Monday, September 6, 2010

Turkey and Two Bean Chili

It's that time again folks: FOOTBALL SEASON HAS BEGUN!!

At Duke University, however, football season is less about the football and more about the crazy costumed, out of control boozefest beforehand known as Tailgate (with a capital T).

Of course, I am now too old for such childish things (until Homecoming Weekend! Wooo COLLEGE!!!) Instead, it's fun to just have some friends over for some great food, a couple of beers, and a good ole football game to watch on TV. Football and food go hand in hand!

My Turkey and Two Bean Chili is unbelievably hearty, delicious, and easy to make. It's the perfect low maintenance main dish for a sports event or potluck, or just for a cozy night in by yourself. Enjoy!

  • 1 package lean ground turkey. Usually about 1.3 lbs. You are welcome to use ground beef if you'd like, but the turkey has 1/3 of the calories and is way less greasy.
  • 1 onion
  • 2 tbsp. minced garlic
  • 1 can black beans, drained and rinsed. Get rid of all the salty gloop that comes in the can.
  • 1 can kidney beans, drained and rinsed. More beans! The magical fruit!
  • 1 cup frozen corn kernels. No need to thaw.
  • 2 cups tomato sauce. I honestly have no idea how much I put in. Just eyeball it based on how thick you like your chili.
  • 1 packet chili seasoning. This is the lazy, poor man's way to make chili. But seriously, the flavors are excellent and it makes your life way easier. I buy the mild kind cause I am a pansy.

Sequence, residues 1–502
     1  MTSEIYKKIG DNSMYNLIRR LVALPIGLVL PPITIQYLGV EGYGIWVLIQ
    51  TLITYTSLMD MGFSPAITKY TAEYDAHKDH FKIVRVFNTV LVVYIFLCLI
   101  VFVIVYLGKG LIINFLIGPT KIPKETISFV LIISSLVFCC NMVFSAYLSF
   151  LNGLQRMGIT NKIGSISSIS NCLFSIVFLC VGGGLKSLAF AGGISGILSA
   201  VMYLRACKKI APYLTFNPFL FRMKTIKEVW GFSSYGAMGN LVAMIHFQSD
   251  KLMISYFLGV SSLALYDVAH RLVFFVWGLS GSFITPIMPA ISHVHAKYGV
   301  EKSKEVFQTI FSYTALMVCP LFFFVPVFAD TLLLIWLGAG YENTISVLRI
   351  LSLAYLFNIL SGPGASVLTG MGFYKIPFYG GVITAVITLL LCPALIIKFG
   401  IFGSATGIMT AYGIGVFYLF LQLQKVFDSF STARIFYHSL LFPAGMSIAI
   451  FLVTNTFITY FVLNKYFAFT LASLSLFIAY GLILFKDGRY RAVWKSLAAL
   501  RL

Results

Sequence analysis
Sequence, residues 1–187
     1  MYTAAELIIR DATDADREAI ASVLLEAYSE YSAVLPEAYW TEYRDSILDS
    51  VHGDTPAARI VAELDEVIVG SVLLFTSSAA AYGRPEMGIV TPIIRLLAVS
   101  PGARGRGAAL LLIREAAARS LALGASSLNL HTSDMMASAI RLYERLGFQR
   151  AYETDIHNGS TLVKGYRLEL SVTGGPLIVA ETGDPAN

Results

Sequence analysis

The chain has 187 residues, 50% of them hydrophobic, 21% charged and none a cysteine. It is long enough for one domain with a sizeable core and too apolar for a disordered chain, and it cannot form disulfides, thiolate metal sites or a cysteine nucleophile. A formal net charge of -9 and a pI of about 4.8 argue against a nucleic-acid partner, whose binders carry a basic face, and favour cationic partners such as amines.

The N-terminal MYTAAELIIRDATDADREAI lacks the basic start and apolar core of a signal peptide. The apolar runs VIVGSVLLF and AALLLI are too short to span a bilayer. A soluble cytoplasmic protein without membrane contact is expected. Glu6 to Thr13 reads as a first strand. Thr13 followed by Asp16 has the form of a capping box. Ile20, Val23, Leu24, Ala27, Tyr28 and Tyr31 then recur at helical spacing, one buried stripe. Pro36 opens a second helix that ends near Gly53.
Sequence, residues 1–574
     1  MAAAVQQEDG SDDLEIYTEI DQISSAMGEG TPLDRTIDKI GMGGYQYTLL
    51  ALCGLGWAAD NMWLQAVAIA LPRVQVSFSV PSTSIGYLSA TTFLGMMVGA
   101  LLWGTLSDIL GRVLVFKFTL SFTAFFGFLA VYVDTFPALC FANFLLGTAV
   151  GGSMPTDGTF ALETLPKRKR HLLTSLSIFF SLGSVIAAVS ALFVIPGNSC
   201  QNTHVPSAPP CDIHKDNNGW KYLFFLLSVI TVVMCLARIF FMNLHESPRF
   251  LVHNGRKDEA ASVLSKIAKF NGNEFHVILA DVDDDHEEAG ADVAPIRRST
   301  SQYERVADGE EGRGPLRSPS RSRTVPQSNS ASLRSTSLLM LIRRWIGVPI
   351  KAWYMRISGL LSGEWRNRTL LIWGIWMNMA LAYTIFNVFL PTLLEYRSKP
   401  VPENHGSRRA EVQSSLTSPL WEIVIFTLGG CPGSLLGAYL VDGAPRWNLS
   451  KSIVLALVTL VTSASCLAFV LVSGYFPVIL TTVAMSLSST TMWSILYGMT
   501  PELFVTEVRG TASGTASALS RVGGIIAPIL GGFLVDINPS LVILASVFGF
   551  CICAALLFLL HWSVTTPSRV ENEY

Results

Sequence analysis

• Sour cream, cheese, green onion, etc. Pick the toppings of your choice!
Considering how hearty this chili is, it's surprisingly healthy for you. Like I said, you can substitute beef, but I have never missed it in this flavor-packed recipe. FYI, this makes quite a bit of chili, but it freezes great.

I make this in the slow cooker cause the flavors simmer and bump and grind all day, but you can also just make it in a pot if you want. Remember kids: pot is always an option. :-/


Chop up your onion. (Don't all my recipes seem to start this way?)

Heat a bit of oil in a skillet over medium high and add your onion. Let it sweat for a couple minutes (grrr! football! manly! sweat!) to become soft and translucent.

Add your garlic and ground turkey to the skillet. Stir to mix the garlic and onion into the meat and break it up into small crumbles as it cooks.

Once the turkey is browned and there is no pink left (takes about 5-7 mins. or so), spoon it into your slow cooker. Add your drained, rinsed cans of beans and toss to combine.

Now mix in your frozen corn kernels, tomato sauce, and seasoning packet. You can adjust how much sauce you want in your chili...some like it chunkier than others (that's what she said?)

Cover the slow cooker and let it cook on low for 6-8 hours. Since the meat is already cooked all the way through, you can do it for less time than this if you need to have dinner ready sooner. It's up to you!

Your house will fill with the smell of meat and football (in a good way.) Spoon the chili into a bowl, add your favorite toppings, and dig in!

Thursday, September 2, 2010

Chinese Beef with Broccoli